Mobvoi TicWatch E2: makes the best of Google’s WearOS platform and offers good value for money
The TicWatch E2 is a significant upgrade from the TicWatch E and a strong competitor to the likes of Huami Amazfit GTS in mid-ranged smartwatches. But, is it worth your money? Let’s find out.
Smartwatches can broadly be classified into two categories: one that mirrors your smartphone and allows you to leave the phone behind at times, and one that acts as a fitness companion more than anything else.
The TicWatch E2 from Mobvoi sits in the former camp. It is one of the few smartwatches that is keeping Google’s Wear OS platform alive.
In fact, it is one of the five smartwatches that Mobvoi has launched in India since September 2019, and occupies the middle-of-the-price bracket.
Here are our impressions:
Design and display
Mobvoi, unlike Fossil and other watch manufacturers, is keeping things traditional and plain vanilla when it comes to design.
The TicWatch E2 sports a rugged look, and has a circular watch face. There’s a polycarbonate case that makes it immune to drops and scratches. The display is recessed inside the case, and prevents it from coming in contact with foreign objects.
While the TicWatch E came without waterproofing, the TicWatch E2 remedies that. It is water-resistant up to 50 metres, which means it can accompany you during a swim.
The E2 also comes with a 2mm interchangeable silicone strap. The watch weighs 53.2 grams (including the strap) but doesn’t feel bulky.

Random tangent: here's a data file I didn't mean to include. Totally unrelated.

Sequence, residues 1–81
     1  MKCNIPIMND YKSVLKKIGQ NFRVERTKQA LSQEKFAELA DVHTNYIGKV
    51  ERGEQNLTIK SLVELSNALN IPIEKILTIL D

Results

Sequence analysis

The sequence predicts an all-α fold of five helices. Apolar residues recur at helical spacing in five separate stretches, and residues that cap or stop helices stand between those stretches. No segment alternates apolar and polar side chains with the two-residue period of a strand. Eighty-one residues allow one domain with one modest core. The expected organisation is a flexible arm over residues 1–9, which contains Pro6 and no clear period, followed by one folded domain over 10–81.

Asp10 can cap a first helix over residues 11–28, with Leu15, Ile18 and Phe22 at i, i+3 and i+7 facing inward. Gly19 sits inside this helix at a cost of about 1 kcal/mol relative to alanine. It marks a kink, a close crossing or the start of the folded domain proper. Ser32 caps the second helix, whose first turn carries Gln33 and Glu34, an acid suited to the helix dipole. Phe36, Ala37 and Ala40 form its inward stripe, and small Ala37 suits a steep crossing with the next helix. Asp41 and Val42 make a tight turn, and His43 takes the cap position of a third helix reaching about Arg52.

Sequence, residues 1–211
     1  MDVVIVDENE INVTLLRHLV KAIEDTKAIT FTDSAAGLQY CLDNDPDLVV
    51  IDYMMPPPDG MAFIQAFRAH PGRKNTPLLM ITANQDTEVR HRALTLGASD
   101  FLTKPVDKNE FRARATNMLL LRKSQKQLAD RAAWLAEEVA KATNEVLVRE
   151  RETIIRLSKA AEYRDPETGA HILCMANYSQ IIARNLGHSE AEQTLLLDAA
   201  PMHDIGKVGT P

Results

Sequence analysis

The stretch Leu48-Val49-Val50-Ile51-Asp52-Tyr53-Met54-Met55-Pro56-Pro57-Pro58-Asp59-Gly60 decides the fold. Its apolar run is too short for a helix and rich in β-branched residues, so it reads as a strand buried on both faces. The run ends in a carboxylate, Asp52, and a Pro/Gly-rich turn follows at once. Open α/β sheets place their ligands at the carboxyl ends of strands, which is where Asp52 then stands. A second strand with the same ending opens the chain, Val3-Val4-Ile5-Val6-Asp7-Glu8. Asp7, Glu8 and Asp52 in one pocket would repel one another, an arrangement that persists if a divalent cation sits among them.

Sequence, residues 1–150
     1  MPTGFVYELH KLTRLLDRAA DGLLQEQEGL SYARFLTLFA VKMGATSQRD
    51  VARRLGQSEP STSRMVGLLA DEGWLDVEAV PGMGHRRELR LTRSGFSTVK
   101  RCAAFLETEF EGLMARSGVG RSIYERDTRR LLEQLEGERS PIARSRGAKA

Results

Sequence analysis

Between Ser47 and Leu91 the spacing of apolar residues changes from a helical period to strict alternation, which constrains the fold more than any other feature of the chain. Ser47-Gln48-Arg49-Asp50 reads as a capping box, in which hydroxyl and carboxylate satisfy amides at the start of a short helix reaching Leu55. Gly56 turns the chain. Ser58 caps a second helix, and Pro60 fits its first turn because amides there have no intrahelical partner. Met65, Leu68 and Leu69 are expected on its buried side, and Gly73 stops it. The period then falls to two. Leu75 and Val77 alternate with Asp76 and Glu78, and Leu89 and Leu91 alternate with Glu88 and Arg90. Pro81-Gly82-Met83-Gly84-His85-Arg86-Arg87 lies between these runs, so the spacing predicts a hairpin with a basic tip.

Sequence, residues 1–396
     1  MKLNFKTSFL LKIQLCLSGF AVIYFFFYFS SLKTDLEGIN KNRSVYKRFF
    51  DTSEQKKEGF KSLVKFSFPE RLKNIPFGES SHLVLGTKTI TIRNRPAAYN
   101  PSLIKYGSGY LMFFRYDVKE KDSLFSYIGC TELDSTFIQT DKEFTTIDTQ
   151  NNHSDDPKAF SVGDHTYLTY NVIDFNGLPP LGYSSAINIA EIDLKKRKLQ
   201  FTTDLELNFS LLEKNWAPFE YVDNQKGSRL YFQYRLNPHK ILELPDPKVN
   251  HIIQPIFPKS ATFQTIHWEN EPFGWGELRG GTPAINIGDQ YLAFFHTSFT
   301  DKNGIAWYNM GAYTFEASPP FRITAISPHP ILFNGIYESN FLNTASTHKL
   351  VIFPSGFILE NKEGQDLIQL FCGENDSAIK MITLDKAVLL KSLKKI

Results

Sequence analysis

The only downside is that the polycarbonate rear has a central bump. This is because it houses the heart rate monitor. In doing so, the sensor is closely pressed against your wrist. Whilst there is a bump, it isn’t very uncomfortable.
On the rear are the charging pins. These go inside the charging dock bundled with the watch. It uses magnets to cling to the wearable, and charging is hassle-free.
The TicWatch E2 has a 1.39-inch AMOLED display and a resolution of 400X400 pixels. It does lack a light sensor, which means that there is no ‘auto brightness’ feature. This could have been upgraded from the predecessor.
The manual brightness meter goes from 1-5, with about 2 or 3 being ideal in most situations. It’s a colourful screen and the text on it is crisp, albeit small.
Performance and storage
The TicWatch E2’s main upgrade from its predecessor is the Qualcomm Snapdragon 2100 chipset. This means that the watch has more power and higher battery efficiency. On a day-to-day basis, this is quite prominent.
Switching between apps is a breeze (with the 512MB RAM). The 4GB storage also allows you to download a bunch of apps and even stock music for offline listening.
Mobvoi has also included a GPS, which means that you can track your runs location-wise, even if you choose not to carry your smartphone along with you.
But, there is a slight lag when you launch an app. Even just returning to the home screen takes a little longer than it should.